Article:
After his complaint was dismissed at the district court level, Bostock appealed to the Eleventh Circuit.  Referring back to a 1979 decision, the Eleventh Circuit reasoned that it had already held that "[d]ischarge for homosexuality is not prohibited by Title VII."  While hinting that this earlier ruling may have been wrong, the court held that it had no choice but to follow precedent and affirm the dismissal of Bostock's claim. 

Sixth Circuit: Discrimination on the Basis of Transgender and Transitioning Status is Necessarily Discrimination on the Basis of Sex

The second case, Harris Funeral Homes v. EEOC, presents a similar question to Zarda and Bostock.  That is, whether employees can be fired based on their status as transgender.

The case involves Aimee Stephens, who was a funeral director and embalmer for R.G. & G.R. Harris Funeral Homes.  While working in this position for six years, Stephens dressed and presented herself as a man without issue.  However, once Stephens communicated that she wanted to live and work as a woman before having sex-reassignment surgery, she was terminated.  The owner of the funeral home, a devout Christian, admitted that Stephens was fired because she "was no longer going to represent himself as a man.  He wanted to dress as a woman."  The owner believed this change would violate "God's commands."

After Stephens filed a discrimination charge, the Equal Employment Opportunity Commission ("EEOC") pursued a complaint on her behalf against the funeral home.  In ruling in favor of the employer, the district court reasoned that transgender status is not a protected trait under Title VII and that the Religious Freedom Restoration Act ("RFRA") precludes the EEOC from enforcing Title VII in this instance as doing so would substantially burden the employer's religious exercise.  The Sixth Circuit reversed, holding that "discrimination on the basis of transgender and transitioning status is necessarily discrimination on the basis of sex."  The court further ruled that the RFRA did not apply to protect the funeral home's actions because the funeral home was not a "religious institution," and Stephens was not a "ministerial employee" excluded from Title VII's protections.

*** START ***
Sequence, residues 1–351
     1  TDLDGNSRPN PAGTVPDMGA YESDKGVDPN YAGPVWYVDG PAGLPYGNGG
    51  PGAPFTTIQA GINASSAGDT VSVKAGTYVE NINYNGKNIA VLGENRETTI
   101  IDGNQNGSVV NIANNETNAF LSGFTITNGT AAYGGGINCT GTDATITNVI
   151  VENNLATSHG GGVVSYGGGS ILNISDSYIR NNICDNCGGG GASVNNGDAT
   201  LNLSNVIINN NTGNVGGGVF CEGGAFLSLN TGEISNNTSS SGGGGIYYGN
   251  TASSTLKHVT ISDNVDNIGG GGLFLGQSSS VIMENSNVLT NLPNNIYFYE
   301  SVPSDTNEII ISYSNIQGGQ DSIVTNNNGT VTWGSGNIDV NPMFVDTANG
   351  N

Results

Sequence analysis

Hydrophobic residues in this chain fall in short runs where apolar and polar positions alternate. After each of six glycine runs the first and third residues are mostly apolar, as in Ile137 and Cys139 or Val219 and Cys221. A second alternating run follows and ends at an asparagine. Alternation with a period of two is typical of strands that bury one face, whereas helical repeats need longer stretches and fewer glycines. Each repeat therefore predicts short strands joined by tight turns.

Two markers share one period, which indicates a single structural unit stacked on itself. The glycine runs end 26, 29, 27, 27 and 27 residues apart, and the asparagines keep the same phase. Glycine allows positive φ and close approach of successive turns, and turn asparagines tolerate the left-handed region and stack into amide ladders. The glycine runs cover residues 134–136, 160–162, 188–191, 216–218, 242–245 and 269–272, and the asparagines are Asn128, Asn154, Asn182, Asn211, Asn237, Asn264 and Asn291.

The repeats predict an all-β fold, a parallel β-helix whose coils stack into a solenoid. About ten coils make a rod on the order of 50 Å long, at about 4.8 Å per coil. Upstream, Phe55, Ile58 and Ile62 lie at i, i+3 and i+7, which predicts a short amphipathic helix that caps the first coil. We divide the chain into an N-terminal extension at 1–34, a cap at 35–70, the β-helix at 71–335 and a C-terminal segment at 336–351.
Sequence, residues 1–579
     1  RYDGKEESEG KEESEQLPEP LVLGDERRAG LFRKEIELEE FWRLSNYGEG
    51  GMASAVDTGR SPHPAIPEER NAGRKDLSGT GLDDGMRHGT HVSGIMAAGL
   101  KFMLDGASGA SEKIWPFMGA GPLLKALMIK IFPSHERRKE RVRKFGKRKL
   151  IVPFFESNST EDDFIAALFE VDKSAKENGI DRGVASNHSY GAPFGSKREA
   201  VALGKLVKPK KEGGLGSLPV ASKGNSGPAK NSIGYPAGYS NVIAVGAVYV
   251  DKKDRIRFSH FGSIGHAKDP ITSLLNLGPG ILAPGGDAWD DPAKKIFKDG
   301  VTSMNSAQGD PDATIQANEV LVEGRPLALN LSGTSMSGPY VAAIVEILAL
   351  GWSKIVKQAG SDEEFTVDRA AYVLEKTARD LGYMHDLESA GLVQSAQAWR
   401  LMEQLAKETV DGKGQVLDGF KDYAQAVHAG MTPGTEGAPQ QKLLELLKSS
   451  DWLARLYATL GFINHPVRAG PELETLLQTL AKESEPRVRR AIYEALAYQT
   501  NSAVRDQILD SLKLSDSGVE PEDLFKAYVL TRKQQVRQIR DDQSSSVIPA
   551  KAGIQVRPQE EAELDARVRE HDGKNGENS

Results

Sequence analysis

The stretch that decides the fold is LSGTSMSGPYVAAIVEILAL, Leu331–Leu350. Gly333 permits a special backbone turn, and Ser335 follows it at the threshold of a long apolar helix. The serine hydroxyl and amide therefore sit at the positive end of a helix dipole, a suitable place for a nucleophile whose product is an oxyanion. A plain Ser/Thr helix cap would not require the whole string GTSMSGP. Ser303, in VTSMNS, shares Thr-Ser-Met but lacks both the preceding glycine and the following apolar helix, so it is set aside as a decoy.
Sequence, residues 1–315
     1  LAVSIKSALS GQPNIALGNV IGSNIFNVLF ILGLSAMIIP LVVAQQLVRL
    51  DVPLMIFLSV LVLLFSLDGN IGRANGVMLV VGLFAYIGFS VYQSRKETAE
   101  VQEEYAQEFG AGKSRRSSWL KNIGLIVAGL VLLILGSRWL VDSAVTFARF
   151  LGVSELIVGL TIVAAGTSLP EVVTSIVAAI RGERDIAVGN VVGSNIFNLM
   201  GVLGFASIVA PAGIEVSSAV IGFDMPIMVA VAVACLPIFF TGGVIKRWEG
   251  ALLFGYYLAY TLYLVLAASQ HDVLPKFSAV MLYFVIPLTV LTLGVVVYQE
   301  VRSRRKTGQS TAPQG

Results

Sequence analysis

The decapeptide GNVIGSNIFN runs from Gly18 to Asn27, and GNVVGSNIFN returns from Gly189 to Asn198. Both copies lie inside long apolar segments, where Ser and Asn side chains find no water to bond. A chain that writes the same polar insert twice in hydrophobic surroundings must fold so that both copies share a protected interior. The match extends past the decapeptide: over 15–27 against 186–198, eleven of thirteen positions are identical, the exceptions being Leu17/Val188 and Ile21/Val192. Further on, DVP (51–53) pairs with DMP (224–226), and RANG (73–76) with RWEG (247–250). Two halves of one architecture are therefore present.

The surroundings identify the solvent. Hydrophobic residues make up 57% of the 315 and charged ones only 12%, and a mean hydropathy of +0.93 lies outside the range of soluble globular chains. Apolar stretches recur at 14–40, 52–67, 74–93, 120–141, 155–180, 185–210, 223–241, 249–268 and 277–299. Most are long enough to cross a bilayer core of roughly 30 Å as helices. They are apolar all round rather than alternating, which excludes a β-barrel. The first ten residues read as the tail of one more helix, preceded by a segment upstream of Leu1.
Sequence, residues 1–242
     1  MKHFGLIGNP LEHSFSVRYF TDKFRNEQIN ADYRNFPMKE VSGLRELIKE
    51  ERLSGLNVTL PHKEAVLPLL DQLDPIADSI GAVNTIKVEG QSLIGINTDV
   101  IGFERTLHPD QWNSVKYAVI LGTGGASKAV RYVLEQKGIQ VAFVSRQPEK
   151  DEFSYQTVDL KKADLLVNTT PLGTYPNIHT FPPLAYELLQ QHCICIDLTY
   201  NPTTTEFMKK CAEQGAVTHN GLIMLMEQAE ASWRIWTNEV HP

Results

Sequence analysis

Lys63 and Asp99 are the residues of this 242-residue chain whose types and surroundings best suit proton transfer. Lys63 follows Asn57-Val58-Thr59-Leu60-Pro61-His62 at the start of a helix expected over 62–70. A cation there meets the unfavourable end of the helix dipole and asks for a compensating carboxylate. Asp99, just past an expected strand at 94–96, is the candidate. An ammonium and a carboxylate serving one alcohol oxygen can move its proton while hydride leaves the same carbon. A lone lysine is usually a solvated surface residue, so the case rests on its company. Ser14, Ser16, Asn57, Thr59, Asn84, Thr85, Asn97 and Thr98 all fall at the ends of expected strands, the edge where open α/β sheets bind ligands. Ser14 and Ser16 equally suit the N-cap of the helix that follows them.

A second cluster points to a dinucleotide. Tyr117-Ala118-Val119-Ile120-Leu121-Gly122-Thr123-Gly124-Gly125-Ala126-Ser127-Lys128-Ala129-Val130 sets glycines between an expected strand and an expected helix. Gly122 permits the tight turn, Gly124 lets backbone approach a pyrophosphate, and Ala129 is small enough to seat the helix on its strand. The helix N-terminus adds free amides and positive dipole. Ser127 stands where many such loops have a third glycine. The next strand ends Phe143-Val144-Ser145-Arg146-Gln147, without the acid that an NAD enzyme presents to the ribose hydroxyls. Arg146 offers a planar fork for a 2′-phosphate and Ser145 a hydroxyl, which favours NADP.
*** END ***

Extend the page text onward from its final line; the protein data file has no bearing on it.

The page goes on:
Stakeholders: States, Federal Government, Employers, and Employees

The Supreme Court's ruling in these cases, which is expected in the spring or summer of 2020, has the potential to be monumental because of the many stakeholders involved.  Currently, 21 states and the District of Columbia have barred sexual orientation and gender identity discrimination by statute or regulation, as have a number of counties and municipalities.  While a few other states provide protection from this type of discrimination either by agency interpretation or court ruling, the remaining states in the country offer no protection under their state laws.  This means that LGBTQ individuals who live in states such as Alabama, Florida, Georgia, Indiana, and even North Carolina (at least with respect to private employers) may have no remedy to this type of employment discrimination outside of Title VII. 

Additionally, states who have passed laws in this area may face challenges in enforcing those laws if the Supreme Court decides that Title VII does not protect gay and transgender status.  Many of these states lean on the EEOC's authority to investigate claims of discrimination against companies that operate in multiple jurisdictions, and the EEOC has been successful in partnering with states to investigate discrimination claims and enforce such actions.  However, states would lose EEOC assistance should the Court decide that Title VII's scope does not extend to sexual orientation or gender identification.